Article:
Diagnostic tests tend to be more sensitive in advanced stages of the disease, and measures of diagnostic accuracy obtained from studies that include only patients with moderate or severe disease may not be applicable to patients in the early stage or suspected of having the disease. 2 3 Therefore, a study evaluating a diagnostic test should include a broad spectrum of patients with the disease so that the performance of the test can be evaluated at different stages of severity, providing valid estimates of accuracy that can be generalized to other populations of patients. 4 5 Moreover, it is possible that the comparison of the diagnostic abilities of different tests is influenced by the severity of the disease. For example, it is possible that a particular test is more sensitive at early stages of the disease, whereas another test may be more sensitive at moderate or advanced stages. Therefore, it is important to characterize the relationship between the performance of the diagnostic tests and the severity of disease and to evaluate how this relationship affects the comparison between different tests. 
Recently, several imaging tests have become available for structural evaluation of the optic disc and retinal nerve fiber layer in glaucoma and to assist in the diagnosis of the disease. Confocal scanning laser ophthalmoscopy (Heidelberg Retina Tomograph II [HRT II]; Heidelberg Engineering, GmbH, Dossenheim, Germany), scanning laser polarimetry (GDx Variable Corneal and Lens Compensator [VCC]; Carl-Zeiss Meditec, Dublin, CA), and optical coherence tomography (Stratus OCT; Carl-Zeiss Meditec, Inc., Dublin, CA) are three technologies that use different properties of the light to obtain their measurements. 6 7 Although previous studies have evaluated the diagnostic abilities of these instruments, no investigation has yet been performed on the possible influence of disease severity as a variable influencing the performance of these tests and the comparison among them. 
Another covariate that can potentially affect the diagnostic performance of imaging tests in glaucoma is the size of the optic disc. Previous histologic and clinical studies have shown that RNFL thickness and optic disc topographic measurements may be affected by optic disc size. 8 9 10 It is possible, therefore, that the diagnostic accuracy of imaging tests would vary depending on the size of the optic disc. When evaluating the influence of optic disc size, it is important to adjust for the confounding effect of disease severity. It is likely that the influence of optic disc size would be greater at early stages of the disease, as the amount of neural loss in advanced cases would facilitate disease detection, regardless of the size of the optic disc.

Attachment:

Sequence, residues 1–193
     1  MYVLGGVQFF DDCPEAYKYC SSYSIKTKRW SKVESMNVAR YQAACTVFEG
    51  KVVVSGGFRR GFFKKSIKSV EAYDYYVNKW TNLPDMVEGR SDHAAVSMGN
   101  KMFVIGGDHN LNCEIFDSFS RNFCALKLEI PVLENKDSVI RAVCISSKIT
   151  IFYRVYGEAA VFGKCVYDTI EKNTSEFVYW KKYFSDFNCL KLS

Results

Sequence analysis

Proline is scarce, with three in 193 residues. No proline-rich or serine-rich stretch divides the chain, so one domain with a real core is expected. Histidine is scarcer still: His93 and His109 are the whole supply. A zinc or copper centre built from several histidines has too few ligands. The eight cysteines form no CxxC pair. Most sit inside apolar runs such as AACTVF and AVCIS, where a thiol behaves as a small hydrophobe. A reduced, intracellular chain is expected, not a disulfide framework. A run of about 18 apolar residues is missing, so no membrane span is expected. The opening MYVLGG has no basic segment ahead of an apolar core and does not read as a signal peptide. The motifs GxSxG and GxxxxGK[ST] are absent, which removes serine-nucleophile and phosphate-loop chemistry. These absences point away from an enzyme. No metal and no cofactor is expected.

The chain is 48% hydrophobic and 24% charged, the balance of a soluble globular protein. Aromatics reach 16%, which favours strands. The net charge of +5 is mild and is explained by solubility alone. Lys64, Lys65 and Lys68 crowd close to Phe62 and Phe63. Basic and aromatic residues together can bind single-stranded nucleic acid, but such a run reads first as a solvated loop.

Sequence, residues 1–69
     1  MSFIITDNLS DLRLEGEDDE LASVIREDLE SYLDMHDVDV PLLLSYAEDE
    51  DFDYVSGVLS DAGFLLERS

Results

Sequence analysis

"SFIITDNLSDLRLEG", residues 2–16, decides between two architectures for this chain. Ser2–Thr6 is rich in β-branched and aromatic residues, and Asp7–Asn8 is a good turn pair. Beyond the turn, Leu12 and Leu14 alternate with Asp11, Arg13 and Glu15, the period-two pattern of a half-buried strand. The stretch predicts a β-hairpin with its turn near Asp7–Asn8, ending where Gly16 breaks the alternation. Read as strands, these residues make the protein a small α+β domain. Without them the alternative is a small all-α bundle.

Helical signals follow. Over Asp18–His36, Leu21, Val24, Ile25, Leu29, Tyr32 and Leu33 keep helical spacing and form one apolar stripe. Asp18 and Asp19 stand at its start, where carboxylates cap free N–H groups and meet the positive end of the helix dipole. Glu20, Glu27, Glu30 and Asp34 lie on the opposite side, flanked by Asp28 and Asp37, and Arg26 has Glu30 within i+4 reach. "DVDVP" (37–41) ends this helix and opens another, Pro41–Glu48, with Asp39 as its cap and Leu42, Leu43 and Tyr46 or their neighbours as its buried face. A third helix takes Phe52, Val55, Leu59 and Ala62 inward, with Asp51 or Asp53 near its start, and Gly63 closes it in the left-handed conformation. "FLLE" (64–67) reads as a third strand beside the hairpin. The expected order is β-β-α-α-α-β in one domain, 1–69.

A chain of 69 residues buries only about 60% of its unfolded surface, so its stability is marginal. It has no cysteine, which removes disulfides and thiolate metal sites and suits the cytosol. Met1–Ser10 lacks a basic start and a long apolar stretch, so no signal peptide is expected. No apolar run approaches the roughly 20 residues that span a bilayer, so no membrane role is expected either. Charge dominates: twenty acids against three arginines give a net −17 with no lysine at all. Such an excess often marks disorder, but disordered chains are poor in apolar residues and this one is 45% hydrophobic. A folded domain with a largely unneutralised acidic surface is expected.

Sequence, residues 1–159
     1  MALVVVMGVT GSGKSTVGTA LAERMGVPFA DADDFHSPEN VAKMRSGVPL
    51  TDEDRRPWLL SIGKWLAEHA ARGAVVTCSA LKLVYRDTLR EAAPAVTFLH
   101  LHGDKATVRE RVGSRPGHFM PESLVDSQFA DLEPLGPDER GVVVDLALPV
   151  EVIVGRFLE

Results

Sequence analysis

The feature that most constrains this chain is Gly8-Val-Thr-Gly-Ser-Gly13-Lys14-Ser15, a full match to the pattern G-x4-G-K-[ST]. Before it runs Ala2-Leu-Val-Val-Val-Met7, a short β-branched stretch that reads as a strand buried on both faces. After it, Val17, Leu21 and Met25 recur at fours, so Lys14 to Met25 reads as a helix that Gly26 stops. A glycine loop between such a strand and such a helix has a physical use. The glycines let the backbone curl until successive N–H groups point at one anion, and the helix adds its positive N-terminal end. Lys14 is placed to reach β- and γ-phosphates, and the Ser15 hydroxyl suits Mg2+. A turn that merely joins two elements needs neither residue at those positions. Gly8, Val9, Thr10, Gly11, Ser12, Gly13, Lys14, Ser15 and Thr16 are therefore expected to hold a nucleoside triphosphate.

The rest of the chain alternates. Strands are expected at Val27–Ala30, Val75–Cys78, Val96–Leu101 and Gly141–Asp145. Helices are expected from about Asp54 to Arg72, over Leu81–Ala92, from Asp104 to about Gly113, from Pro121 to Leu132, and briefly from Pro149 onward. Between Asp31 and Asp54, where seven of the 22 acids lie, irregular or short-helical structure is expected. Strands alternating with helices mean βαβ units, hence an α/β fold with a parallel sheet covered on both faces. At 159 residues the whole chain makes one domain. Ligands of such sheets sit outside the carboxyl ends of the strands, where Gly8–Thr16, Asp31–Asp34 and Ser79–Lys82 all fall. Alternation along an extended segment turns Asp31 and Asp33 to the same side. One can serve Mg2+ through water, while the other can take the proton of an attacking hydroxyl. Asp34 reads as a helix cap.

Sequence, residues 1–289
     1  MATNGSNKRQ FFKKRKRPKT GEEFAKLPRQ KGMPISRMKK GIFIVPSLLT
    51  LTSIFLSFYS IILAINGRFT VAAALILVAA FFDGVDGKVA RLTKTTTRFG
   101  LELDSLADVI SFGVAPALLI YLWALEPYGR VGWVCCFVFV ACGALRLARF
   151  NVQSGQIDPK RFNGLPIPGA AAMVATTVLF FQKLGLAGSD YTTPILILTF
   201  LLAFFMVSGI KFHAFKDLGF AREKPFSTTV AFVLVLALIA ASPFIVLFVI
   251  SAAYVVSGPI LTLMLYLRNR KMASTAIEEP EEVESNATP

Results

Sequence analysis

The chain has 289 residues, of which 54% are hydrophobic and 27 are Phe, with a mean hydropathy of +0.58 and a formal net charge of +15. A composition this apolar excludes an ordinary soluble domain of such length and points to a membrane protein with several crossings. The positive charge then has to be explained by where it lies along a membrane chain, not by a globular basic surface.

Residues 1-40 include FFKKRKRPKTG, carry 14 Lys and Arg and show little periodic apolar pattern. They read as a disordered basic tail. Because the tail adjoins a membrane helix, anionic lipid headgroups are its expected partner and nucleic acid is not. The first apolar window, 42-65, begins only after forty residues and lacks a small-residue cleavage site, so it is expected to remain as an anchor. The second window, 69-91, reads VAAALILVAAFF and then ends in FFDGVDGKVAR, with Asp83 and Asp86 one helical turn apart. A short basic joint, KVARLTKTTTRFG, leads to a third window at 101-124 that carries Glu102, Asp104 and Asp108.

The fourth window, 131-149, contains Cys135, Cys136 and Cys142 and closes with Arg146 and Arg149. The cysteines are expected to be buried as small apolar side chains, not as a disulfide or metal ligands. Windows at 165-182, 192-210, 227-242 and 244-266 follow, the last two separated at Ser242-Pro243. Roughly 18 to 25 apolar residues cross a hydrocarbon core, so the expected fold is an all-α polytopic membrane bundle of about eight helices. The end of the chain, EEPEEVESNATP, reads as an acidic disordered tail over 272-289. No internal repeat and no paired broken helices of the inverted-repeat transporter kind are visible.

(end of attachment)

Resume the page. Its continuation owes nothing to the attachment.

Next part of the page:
In the present study, we evaluated the influence of disease severity and optic disc size on the diagnostic accuracy of the three mentioned imaging technologies for structural assessment in glaucoma. To accomplish this, we used statistical models that allowed simultaneous evaluation of the effect of these covariates on the comparisons among the three instruments. 
Methods
This was an observational case–control study. Patients from this study were included in a prospective longitudinal study designed to evaluate optic nerve structure and visual function in glaucoma (DIGS; Diagnostic Innovations in Glaucoma Study) conducted at the Hamilton Glaucoma Center (University of California, San Diego). Informed consent was obtained from all participants. The University of California San Diego Human Subjects Committee approved all protocols and the methods described adhered to the tenets of the Declaration of Helsinki. 
Each subject underwent a comprehensive ophthalmologic examination including review of medical history, best corrected visual acuity, slit lamp biomicroscopy, intraocular pressure (IOP) measurement using Goldmann applanation tonometry, gonioscopy, dilated funduscopic examination with a 78-D lens, stereoscopic optic disc photography, and automated perimetry with the 24-2 Swedish Interactive Threshold Algorithm (SITA; Carl Zeiss Meditec, Inc.). To be included, subjects had to have best corrected visual acuity of 20/40 or better, spherical refraction within ± 5.0 D, cylinder correction within ± 3.0 D, and open angles on gonioscopy. Eyes with coexisting retinal disease, uveitis, or nonglaucomatous optic neuropathy were also excluded from the investigation.